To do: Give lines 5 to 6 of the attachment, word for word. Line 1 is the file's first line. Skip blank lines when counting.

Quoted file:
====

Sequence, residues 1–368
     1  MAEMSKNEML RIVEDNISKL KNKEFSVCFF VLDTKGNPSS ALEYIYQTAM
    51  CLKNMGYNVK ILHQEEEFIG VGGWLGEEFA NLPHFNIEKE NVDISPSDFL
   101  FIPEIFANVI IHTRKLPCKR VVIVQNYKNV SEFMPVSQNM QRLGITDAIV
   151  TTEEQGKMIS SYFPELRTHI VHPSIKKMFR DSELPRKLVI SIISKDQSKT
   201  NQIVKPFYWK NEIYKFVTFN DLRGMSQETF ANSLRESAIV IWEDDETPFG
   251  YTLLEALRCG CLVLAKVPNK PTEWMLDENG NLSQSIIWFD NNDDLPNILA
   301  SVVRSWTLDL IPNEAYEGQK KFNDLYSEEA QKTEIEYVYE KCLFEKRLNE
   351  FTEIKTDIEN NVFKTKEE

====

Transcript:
   151  TTEEQGKMIS SYFPELRTHI VHPSIKKMFR DSELPRKLVI SIISKDQSKT
   201  NQIVKPFYWK NEIYKFVTFN DLRGMSQETF ANSLRESAIV IWEDDETPFG